Someone once told me I was suggestible. And I believed them. A couple of Christmases ago a friend was commissioned to write a New Years resolution piece for a national paper. She was to write about her attempt to give up smoking. Come 1 January she would be giving up with Allen Carr’s Easy Way to Stop Smoking. I had never heard of him or his method. On the way home from the pub I popped into a book shop and found the self-help section with its row upon row of Allen Carr’s (not to be confused with Alan Carr’s Look Who It is: My Story which I’m currently reading). The man had his own multi million pound industry. What on earth was his secret? Feel free to read the book and carry on smoking said the blurb on the back cover. By the time you finish, he promised, you won’t want another cigarette. Out of curiosity, and to see what all the fuss was about, I bought the Easy Way to Control Drinking. I began reading. And stopped drinking. Without intending to or even realising. And it was actually a problem because most of my social life revolved around the pub. There are only so many soft drinks before the time spent going to the loo becomes greater than the time spent with friends. And don’t even talk to me about the headaches. It was like a hangover without having the good night out.
This is testament not to Allen Carr and his method but to my own suggestibility. After six weeks I went back to normal.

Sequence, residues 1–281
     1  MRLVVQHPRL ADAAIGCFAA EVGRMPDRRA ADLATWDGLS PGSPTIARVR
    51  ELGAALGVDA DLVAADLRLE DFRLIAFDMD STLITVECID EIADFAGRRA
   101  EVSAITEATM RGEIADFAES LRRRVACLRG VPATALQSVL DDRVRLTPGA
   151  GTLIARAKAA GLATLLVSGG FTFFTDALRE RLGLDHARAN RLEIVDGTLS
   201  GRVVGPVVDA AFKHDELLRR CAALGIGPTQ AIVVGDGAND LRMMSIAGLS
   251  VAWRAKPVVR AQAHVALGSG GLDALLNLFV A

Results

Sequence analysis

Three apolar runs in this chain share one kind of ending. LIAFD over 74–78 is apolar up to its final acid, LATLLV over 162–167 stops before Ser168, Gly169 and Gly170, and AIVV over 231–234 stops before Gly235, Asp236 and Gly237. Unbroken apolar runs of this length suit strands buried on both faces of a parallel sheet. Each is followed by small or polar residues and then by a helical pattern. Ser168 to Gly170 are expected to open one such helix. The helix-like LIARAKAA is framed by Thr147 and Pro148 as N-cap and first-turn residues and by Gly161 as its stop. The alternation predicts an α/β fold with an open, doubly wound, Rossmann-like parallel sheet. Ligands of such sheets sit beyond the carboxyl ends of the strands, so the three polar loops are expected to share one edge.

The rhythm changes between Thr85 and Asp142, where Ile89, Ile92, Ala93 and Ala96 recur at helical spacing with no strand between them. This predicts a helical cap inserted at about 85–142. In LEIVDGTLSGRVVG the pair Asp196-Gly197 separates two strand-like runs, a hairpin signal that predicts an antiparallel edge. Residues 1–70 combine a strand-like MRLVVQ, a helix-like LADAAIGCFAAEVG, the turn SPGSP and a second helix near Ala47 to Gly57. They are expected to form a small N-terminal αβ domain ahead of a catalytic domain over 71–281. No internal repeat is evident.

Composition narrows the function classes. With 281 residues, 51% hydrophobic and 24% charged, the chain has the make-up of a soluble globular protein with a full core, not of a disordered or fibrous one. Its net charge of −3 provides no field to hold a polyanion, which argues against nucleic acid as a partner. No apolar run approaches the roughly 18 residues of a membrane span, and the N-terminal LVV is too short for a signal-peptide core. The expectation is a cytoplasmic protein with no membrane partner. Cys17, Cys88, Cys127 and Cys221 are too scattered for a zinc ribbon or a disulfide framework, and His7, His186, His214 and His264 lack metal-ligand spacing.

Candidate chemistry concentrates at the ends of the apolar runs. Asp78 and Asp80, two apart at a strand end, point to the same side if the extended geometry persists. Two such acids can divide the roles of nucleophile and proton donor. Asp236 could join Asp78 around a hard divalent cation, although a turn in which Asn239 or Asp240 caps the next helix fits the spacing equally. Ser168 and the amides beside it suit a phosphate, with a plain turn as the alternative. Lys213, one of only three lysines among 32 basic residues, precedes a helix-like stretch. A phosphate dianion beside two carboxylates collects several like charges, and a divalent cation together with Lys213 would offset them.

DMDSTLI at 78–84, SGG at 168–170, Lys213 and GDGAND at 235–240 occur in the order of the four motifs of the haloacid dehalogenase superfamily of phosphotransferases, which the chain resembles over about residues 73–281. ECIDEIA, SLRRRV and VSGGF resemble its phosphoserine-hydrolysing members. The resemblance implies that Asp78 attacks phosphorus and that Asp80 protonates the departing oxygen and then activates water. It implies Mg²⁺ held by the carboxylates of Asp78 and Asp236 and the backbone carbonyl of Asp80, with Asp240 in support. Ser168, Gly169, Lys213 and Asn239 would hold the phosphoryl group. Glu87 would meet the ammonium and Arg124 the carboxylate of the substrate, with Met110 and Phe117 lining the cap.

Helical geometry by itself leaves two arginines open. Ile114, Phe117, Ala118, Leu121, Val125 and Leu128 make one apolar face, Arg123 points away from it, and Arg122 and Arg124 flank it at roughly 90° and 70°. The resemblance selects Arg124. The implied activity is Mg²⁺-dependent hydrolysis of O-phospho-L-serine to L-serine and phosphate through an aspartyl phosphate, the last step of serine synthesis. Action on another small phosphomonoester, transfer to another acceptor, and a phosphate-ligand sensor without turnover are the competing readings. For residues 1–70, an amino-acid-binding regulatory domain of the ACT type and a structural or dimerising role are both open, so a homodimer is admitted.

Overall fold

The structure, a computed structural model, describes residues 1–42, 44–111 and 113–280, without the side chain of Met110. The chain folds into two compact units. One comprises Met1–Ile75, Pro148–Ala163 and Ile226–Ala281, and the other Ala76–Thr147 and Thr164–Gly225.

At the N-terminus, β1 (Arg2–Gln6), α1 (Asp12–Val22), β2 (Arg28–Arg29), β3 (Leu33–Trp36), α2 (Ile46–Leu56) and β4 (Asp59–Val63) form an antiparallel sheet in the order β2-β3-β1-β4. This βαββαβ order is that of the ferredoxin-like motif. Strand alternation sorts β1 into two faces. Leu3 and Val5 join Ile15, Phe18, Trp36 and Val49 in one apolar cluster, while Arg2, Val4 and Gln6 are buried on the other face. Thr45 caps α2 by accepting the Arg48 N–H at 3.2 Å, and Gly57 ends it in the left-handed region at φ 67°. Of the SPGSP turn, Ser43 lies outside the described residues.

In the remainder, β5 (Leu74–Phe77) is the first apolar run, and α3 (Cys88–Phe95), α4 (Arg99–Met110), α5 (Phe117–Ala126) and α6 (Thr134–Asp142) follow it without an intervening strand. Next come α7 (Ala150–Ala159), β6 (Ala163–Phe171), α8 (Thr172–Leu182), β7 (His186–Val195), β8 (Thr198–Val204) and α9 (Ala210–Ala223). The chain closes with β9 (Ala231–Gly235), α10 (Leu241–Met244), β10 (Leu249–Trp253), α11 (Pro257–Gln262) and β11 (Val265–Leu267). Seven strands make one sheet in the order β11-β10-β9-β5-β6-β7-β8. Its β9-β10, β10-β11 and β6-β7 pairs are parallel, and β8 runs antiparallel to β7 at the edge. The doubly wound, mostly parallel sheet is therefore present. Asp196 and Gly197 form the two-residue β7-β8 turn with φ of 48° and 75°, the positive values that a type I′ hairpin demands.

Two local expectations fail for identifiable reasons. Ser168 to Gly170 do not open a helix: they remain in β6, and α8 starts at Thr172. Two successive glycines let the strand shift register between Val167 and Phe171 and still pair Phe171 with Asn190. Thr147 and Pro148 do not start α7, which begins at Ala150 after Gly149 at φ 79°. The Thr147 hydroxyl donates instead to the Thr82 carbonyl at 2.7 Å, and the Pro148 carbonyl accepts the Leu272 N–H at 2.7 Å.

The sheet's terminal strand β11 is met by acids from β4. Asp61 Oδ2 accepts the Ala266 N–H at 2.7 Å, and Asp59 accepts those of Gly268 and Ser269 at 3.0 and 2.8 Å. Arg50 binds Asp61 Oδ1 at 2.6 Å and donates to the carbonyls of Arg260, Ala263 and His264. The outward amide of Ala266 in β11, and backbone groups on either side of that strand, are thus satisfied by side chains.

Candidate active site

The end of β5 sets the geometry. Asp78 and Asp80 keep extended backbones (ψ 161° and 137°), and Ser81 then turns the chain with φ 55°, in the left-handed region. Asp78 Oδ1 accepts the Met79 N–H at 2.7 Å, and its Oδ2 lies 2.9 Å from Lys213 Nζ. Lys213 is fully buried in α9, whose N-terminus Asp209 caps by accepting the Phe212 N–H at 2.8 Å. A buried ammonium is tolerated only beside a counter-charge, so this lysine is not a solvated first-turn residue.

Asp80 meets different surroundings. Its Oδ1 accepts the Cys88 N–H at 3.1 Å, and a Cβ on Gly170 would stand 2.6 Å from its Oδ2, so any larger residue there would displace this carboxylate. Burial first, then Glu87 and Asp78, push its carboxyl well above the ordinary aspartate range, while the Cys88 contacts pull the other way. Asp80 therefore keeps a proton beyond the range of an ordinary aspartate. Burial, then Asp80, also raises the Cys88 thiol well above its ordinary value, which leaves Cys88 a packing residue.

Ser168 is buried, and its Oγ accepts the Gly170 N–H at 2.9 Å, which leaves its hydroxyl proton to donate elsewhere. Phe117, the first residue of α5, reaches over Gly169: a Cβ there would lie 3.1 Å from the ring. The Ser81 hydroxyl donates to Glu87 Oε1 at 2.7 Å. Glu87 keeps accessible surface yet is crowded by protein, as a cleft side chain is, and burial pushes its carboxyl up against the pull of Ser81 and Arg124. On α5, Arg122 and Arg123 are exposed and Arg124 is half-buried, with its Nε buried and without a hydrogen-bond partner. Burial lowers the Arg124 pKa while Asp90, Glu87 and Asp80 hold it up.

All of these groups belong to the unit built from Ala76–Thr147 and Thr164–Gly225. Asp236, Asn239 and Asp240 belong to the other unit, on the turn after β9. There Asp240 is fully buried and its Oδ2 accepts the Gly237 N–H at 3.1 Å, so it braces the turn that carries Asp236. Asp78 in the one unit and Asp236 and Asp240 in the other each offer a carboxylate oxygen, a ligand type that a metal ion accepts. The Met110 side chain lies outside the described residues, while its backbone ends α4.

Only it’s happened again. With alcohol again.
I’m in the midst of writing a couple of booklets which will support people in making changes to their drinking. These are based on evidence (I never did figure out the secret of Allen Carr’s revolutionary method) and I’m immersed in statistics. Such as one Scot dying every six hours as a direct result of alcohol misuse. So by day I write. But I live in Edinburgh and it’s compulsory for residents to either leave the city during August or go to the Festival. And I find myself sitting in a venue nursing an overpriced can of lemonade. A glass of wine would be cheaper. And make the stand up comedy more bearable. Yet, my mind goes back to the statistics.
One of the perks of this job is immersing yourself in a subject. Albeit briefly. For a few days, weeks or even months you become an expert on, say UFOs.
Did you know the best chance of spotting a UFO is after watching a sci-fi film? Over 750 people reported UFO sightings in 1978. The same year that Close Encounters of the Third Kind was the big film release. The sightings are amongst the latest Ministry of Defence files released by the National Archives which may suggest we are not alone. Or that I’m not alone in my suggestibility.
And then you move on and the specialist knowledge is pushed out as your brain fills up with the next topic. I’m reminded of this because it’s that time of year when the school exam results come out. My exam technique was to read the question, re-read the question and spend the next hour writing down everything I knew about Adolf Hitler. I figured the examiner would select the bits of my answer that were most relevant to the question.
Sadly life doesn’t work that way. Which is why God invented the Editor. And why I failed Technical Drawing…